Some readers will recoil only at the idea underpinning Christof Migone's CD Crackers. Through newspaper and radio ads, he recruited people who could make parts of their body crack and pop. He recorded them and created a handful of pieces using only those sounds. So what you hear is a construction (a symphony, if you like) of cracking fingers, jaws, elbows, ankles, backs, etc. This album marks the completion of a project started in 1997. Migone participated in exhibitions and released a few tracks on compilation albums and audio exhibition catalogs, but Crackers represents the complete, definitive work. One must understand the limitations of such a narrow sound palette; the repetitiveness and relative softness of the sounds make for Spartan textures very similar to glitch electronica (paradoxical, isn't it?), especially in the first track. In track five, it seems the artist tried to mimic the crackling sound of a fire. Track six is the most puzzling piece: The pops are lined so closely one to another that they form a delicate drone. Track four presents an excerpt from one of the recording sessions; a "cracker" casually explains to Migone where to put his microphone to best capture his body music -- an example of the composer's deadpan humor. As music, Crackers doesn't cut it: it's limited, linear, eventless, extremely "lower case." On the other hand, as a listening experience and wacky conceptual art idea, it is genuine Migone.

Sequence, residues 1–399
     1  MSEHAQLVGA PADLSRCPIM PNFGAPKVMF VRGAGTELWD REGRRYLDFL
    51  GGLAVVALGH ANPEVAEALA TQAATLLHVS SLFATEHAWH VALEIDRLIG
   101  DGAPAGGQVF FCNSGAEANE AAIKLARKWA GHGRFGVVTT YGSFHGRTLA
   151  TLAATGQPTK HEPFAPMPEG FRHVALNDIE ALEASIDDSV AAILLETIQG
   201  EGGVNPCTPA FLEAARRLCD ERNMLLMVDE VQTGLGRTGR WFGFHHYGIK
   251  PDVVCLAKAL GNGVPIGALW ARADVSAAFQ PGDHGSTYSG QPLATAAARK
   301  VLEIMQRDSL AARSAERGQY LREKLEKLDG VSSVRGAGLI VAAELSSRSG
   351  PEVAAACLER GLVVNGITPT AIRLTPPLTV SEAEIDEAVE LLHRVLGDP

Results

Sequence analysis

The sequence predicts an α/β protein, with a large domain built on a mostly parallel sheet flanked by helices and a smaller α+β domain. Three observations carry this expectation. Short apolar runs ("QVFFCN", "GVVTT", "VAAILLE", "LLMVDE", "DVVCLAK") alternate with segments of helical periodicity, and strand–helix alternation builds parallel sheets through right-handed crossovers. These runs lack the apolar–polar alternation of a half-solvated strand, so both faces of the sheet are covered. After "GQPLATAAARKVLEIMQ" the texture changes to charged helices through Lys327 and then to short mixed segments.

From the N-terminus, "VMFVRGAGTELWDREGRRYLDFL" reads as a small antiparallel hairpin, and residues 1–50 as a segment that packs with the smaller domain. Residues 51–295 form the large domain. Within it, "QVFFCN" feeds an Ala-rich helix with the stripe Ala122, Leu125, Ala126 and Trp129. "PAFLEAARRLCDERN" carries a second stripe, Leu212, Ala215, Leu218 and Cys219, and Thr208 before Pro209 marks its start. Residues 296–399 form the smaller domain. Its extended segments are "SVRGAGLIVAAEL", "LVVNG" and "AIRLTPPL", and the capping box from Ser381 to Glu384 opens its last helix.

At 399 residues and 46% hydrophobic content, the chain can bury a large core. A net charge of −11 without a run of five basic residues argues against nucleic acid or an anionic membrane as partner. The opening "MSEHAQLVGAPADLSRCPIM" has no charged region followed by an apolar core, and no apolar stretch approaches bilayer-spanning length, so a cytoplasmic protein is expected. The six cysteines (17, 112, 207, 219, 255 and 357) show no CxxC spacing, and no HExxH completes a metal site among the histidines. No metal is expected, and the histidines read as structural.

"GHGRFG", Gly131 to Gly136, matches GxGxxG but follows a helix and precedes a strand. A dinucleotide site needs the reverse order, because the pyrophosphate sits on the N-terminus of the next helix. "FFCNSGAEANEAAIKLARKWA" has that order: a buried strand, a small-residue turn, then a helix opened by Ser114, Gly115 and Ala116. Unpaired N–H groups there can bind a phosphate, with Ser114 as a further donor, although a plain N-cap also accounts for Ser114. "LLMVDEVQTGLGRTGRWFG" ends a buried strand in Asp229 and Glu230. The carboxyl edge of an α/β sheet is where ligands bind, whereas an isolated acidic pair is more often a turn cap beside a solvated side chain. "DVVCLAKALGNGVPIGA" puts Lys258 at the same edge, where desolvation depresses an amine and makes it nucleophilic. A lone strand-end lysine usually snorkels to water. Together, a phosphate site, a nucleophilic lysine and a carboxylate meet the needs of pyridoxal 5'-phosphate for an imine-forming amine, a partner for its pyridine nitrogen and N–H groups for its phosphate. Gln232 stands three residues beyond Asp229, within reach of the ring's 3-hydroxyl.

AllMusic Review by François Couture